There are certain challenges about streaming video in certain markets given speeds etc. Such issues will be overcome but it is consumer behavior that is driving it. Consumers demand to be able to watch content when they want on the device that they want in different areas and not to be attached to a single screen. And we as content producers have to be open to that. There are a number of players moving into the market with expertise from outside Asia which just makes it a vibrant opportunity for us.
Initially, in terms of OTT, our licensing business has worked well. We can supply a wide range of content and OTT being a different channel has an insatiable appetite for volume. The volume for OTT services are much greater than a linear channel could ever have. That provides great opportunities and we’re talking about having arrangements with different players.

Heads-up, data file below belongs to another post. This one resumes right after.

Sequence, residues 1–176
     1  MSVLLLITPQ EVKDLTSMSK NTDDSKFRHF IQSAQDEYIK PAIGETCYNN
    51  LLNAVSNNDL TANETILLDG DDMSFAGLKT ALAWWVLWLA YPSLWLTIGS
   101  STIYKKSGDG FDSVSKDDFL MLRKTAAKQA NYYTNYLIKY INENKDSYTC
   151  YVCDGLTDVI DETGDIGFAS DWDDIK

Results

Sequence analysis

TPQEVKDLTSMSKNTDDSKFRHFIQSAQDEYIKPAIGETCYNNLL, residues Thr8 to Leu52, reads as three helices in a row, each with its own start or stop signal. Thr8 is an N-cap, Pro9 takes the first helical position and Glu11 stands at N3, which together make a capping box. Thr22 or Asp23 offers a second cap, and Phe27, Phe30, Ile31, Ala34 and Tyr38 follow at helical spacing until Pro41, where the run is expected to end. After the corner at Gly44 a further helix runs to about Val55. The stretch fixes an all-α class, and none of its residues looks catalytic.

Also, we’re looking at the branded space and what we could do with our services in digital. It is something we’re not ready to develop but we would like to get there, where we can start to provide some of our brands on the digital service.
Do you see OTT for you driven by news, more than other genres in India?
News is definitely the most known brand. That is how most of our consumers connect with the BBC. (But) the one thing about the BBC is that we have the whole range. We make content across every genre. That is certainly something that OTT opens up more for us.
Having said that, it is going to be transformational in India in the next year to 18 months. Hotstar and Sony Liv have come into the market, and there may be other global players entering. We would’ve worked with them in other markets and they know that our content really resonates. Once this starts happening you find an ecosystem. You need those big players to come in.